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Webucator's Free jQuery Tutorial

Welcome to our free jQuery tutorial. This tutorial is based on Webucator's jQuery Fundamentals Training course.
Start Tutorial or choose from a lesson below
jQuery is a lightweight, powerful JavaScript library that simplifies the task of front-end scripting on web pages. This lesson introduces jQuery and shows a brief example of some of the library's capabilities.
jQuery is built on top of JavaScript, a rich and expressive language in its own right. This section covers the basic concepts of JavaScript, as well as some frequent pitfalls for people who have not used JavaScript before. While it will be of particular value to people with no programming experience, even people who have used other programming languages may benefit from learning about some of the peculiarities of JavaScript.
In this lesson, we will introduce jQuery basic concepts, including working with selections and manipulating the DOM.
In this lesson, you will learn the difference between core and non-core jQuery methods and how to use core utility methods.
jQuery provides simple methods for attaching event handlers to selections. When an event occurs, the provided function is executed. Inside the function, this refers to the element that was clicked. For details on jQuery events, visit http://api.jquery.com/category/events/. The event handling function can receive an event object. This object can be used to determine the nature of the event, and to prevent the event's default behavior. For details on the event object, visit http://api.jquery.com/category/events/event-object/.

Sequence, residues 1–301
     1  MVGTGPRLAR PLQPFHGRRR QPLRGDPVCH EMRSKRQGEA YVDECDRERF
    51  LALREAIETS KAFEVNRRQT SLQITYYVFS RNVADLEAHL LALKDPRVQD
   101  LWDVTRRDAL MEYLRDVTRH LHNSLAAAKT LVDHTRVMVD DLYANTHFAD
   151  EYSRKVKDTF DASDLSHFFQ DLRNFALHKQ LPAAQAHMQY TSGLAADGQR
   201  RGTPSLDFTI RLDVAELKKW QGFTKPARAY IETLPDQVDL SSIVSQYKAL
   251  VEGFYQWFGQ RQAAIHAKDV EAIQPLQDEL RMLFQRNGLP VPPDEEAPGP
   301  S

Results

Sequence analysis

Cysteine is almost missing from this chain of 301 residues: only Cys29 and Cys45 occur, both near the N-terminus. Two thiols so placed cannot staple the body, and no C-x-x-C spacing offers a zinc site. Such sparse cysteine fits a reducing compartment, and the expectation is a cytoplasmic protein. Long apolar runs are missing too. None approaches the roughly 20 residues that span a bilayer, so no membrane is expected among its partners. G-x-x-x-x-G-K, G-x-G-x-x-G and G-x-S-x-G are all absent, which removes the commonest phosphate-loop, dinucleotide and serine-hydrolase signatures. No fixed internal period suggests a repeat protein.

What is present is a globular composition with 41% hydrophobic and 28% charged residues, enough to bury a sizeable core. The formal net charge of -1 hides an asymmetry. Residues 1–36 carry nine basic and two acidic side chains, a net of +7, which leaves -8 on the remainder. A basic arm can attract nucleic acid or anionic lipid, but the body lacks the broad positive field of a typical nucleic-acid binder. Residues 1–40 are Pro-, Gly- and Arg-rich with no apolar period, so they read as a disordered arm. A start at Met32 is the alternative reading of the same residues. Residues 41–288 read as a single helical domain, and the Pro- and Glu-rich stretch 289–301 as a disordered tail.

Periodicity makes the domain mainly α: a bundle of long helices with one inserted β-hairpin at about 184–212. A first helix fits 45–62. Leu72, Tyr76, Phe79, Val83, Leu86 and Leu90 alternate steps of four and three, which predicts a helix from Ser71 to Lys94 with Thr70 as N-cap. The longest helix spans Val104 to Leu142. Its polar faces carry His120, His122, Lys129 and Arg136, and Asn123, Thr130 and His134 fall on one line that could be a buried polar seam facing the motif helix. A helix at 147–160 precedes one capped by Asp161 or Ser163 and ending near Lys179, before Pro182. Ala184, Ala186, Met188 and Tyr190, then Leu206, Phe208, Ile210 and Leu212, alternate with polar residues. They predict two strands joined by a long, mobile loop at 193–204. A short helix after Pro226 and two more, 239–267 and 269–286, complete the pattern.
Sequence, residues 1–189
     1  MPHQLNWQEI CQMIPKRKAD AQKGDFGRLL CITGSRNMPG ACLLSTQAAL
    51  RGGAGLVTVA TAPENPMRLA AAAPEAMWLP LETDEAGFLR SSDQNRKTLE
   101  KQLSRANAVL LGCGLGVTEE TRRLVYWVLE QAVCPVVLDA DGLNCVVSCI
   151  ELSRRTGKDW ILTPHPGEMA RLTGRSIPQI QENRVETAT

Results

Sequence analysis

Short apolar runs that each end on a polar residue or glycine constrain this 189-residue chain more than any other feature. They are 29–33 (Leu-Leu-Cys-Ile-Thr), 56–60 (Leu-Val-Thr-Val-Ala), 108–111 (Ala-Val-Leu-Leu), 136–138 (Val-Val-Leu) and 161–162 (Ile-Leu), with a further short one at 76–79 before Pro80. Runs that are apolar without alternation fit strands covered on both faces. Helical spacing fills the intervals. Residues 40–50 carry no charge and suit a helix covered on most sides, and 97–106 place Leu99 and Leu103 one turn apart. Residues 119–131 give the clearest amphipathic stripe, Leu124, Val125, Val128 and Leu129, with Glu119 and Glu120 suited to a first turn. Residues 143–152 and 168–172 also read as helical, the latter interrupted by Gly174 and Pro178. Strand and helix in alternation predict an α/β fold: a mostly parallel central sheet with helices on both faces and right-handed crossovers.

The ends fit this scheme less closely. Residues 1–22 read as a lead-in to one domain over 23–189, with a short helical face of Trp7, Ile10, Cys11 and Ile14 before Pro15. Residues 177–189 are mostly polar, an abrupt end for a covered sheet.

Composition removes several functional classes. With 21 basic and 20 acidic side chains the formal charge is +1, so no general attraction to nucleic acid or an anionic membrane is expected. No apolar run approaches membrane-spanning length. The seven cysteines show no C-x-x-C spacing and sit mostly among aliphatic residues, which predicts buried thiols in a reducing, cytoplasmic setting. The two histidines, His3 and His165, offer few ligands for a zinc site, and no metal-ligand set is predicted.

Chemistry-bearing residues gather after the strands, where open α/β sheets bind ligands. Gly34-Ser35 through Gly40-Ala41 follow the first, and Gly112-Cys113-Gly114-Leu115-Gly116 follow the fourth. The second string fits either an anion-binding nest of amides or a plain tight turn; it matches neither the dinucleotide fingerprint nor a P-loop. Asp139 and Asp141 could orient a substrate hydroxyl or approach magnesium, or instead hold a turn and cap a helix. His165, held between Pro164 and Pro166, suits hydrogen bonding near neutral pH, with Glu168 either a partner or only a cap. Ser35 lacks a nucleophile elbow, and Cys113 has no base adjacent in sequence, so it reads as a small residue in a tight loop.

jQuery makes it trivial to add simple effects to your page. Effects can use the built-in settings, or provide a customized duration. You can also create custom animations of arbitrary CSS properties. For complete details on jQuery effects, visit http://api.jquery.com/category/effects/.
The XMLHttpRequest method (XHR) allows browsers to communicate with the server without requiring a page reload. This method, also known as Ajax (Asynchronous JavaScript and XML), allows for web pages that provide rich, interactive experiences.
A jQuery plugin is simply a new method that we use to extend jQuery's prototype object. By extending the prototype object you enable all jQuery objects to inherit any methods that you add. Once the plugin is established, whenever you call $() you're creating a new jQuery object, with your plugin now method included along with all of jQuery's existing methods. The idea of a plugin is to do something with a collection of elements. You could consider each method that comes with the jQuery core a plugin, like fadeOut or addClass. You can make your own plugins and use them privately in your code or you can release them into the wild. There are thousands of jQuery plugins available online. The barrier to creating a plugin of your own is so low that you'll want to do it straight away!
This chapter consolidates the jQuery and JavaScript best practices that have appeared in earlier chapters.
We're all familiar with the basic events, click, mouseover, focus, blur, submit, etc., that we can latch on to as a user interacts with the browser. Custom events open up a whole new world of event-driven programming. In this chapter, we'll use jQuery's custom events system to make a simple form designing application.
jQuery's family of UI interface libraries - jQuery UI for desktops, and jQuery Mobile for smartphones and tablets - offer a set of interactions, widgets, events, and animations to solve common user-interface challenges. Both are well-documented, thoroughly tested, and easy to use.